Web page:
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First WNV-Positive Mosquito Pool of Season
 

FOR IMMEDIATE RELEASE                               Connecticut Department of Public Health

July 6, 2012                                                                 Contact: William Gerrish

                                                                                    (860) 509-7270

 

                                                                                    Connecticut Agricultural Experiment Station

                                                                                    Contact: Dr. Louis Magnarelli, Director

                                                                                    (203) 974-8510

 

Hartford The State Mosquito Management Program today announced that mosquitoes trapped in Stamford on June 27, 2012 have tested positive for West Nile virus (WNV). These results represent the first positive mosquitoes identified in the state by the Connecticut Agricultural Experiment Station (CAES) this year.

 

“The West Nile virus season has started,” said Dr. Louis Magnarelli, Director, CAES. “The very high numbers of Culex pipiens, mosquitoes feeding on birds, warm weather, and presence of standing water are some of the factors which favor amplification of this virus in nature.”

 

“The identification of mosquitoes positive for West Nile virus in Connecticut serves as a reminder to residents and visitors to take steps to prevent mosquito bites which can cause mosquito-borne illnesses,” said Department of Public Health Commissioner Dr. Jewel Mullen. “Especially this holiday weekend, when many of us will be spending time with family and friends outdoors at picnics or watching fireworks, remember to use bug spray, wear long sleeves and long pants, and avoid being outdoors during dawn and dusk when mosquitoes are most active.”

 

The number of Culex pipiens at selected sites is averaging approximately 30 to 50% higher than average collections over the previous six years. Culex pipiens is the species of mosquito most commonly associated with West Nile virus in Connecticut.

 

Officials are asking residents to do what they can to reduce the amount of standing water available for mosquito breeding around their homes by:

  • Emptying standing water from used or discarded tires that may have accumulated on your property (e.g. tire swings).
  • Disposing of cans, plastic containers, ceramic pots or similar water-holding containers that have accumulated on your property. Do not overlook containers that have become overgrown by vegetation.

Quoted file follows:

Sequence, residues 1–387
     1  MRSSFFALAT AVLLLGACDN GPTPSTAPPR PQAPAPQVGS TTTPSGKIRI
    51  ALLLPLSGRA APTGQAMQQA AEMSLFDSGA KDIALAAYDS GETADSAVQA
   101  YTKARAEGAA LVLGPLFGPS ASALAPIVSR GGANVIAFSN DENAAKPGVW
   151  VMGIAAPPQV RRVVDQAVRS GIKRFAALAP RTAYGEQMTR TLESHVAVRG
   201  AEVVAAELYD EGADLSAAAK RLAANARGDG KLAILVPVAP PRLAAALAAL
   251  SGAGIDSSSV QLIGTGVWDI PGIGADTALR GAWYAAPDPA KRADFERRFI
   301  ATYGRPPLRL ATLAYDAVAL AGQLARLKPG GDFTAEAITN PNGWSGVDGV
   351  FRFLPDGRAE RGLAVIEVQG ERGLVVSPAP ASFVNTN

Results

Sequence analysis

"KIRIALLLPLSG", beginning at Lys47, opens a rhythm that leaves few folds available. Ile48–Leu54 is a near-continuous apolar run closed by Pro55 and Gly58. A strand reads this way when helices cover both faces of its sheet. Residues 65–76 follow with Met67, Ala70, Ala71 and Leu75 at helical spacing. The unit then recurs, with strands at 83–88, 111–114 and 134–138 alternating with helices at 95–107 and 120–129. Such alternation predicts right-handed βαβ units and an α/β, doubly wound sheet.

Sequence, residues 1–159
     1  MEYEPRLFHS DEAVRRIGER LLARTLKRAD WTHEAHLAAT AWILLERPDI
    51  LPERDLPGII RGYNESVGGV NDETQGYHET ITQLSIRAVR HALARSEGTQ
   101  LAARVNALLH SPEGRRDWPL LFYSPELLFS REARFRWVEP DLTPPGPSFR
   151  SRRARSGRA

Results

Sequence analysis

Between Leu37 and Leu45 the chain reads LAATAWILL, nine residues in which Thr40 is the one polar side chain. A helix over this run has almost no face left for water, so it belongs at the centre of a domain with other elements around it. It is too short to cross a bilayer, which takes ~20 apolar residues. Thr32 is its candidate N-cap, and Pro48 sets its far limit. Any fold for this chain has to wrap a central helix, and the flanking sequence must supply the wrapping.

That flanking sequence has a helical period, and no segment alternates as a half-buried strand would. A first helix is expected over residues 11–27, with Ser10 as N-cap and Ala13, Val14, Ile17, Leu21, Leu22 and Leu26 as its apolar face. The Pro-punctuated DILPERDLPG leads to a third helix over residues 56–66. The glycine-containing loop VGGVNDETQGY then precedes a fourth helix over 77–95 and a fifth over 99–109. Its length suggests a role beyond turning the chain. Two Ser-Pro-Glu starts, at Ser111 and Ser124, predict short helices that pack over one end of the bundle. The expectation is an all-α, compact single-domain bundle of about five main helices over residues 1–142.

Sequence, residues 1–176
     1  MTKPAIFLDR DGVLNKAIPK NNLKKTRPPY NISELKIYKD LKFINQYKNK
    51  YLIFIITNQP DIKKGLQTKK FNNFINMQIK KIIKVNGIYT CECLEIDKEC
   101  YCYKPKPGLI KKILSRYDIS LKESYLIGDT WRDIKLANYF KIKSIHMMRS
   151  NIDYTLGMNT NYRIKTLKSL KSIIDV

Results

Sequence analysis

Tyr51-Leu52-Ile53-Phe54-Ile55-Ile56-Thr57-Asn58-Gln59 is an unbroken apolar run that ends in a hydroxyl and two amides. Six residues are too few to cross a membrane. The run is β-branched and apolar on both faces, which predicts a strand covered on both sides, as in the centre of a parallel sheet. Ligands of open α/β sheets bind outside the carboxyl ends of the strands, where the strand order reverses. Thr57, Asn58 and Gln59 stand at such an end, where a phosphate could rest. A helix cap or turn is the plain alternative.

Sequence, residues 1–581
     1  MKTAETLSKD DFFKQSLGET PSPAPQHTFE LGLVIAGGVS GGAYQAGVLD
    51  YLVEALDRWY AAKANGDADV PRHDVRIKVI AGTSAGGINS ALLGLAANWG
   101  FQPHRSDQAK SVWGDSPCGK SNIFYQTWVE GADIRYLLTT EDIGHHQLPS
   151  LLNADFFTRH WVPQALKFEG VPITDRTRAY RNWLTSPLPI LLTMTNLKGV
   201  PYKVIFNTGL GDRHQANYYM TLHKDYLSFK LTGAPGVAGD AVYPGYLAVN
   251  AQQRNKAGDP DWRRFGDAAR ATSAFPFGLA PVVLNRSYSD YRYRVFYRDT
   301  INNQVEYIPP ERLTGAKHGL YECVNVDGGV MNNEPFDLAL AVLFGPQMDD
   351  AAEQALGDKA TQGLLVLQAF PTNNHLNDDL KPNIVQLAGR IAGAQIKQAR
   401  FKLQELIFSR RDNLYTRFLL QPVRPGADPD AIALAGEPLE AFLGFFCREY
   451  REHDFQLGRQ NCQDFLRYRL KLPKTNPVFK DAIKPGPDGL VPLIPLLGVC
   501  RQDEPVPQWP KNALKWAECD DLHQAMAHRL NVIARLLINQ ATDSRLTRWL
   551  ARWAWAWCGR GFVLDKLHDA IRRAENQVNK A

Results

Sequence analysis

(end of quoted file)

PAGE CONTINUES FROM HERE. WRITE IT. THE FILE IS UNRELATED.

• Drilling holes in the bottom of recycling containers that are left out of doors. Drainage holes that are located on the sides collect enough water for mosquitoes to breed in.
  • Cleaning clogged roof gutters on an annual basis, particularly if the leaves from surrounding trees have a tendency to plug up the drains. Roof gutters are easily overlooked but can produce millions of mosquitoes each season.
  • Turning over plastic wading pools when not in use. A wading pool becomes a mosquito producer if it is not used on a regular basis.
  • Turning over wheelbarrows and do not allow water to stagnate in bird baths. Both provide breeding habitat for domestic mosquitoes. Change water in bird baths and wading pools on a weekly basis.
  • Aerating ornamental pools or stocking them with fish. Water gardens are fashionable but become major mosquito producers if they are allowed to stagnate.
  • Cleaning and chlorinating swimming pools that are not being used. A swimming pool that is left untended by a family that goes on vacation for a month can produce enough mosquitoes to result in neighborhood-wide complaints. Be aware that mosquitoes may even breed in the water that collects on swimming pool covers.
  • Using landscaping to eliminate standing water that collects on your property. Mosquitoes can develop in any puddle that lasts more than seven to ten days during the summer.

 

In 2011, WNV-positive mosquitoes were trapped in 30 municipalities; the first were trapped on June 21. In addition, last year nine Connecticut residents were identified with WNV infections.

 

Monitoring and risk assessment for WNV emphasizes mosquito trapping and testing results. The CAES maintains a network of 91 mosquito-trapping stations in 72 municipalities throughout the state. Mosquito traps are set Monday – Thursday nights at each site every ten days on a rotating basis. Mosquitoes are grouped (pooled) for testing according to species, collection site, and date.  Each pool is tested for the presence of viruses of public health importance. Positive findings are reported to local health departments and on the CAES web site at www.ct.gov/caes.

 

For information on West Nile virus and what you can do to prevent getting bitten by mosquitoes, visit the Connecticut Mosquito Management Program Web site at www.ct.gov/mosquito. Mosquito pools that test positive for WNV and EEE, as well as human cases of these illnesses, will also be posted on the Connecticut Mosquito Management Program Web site.

 

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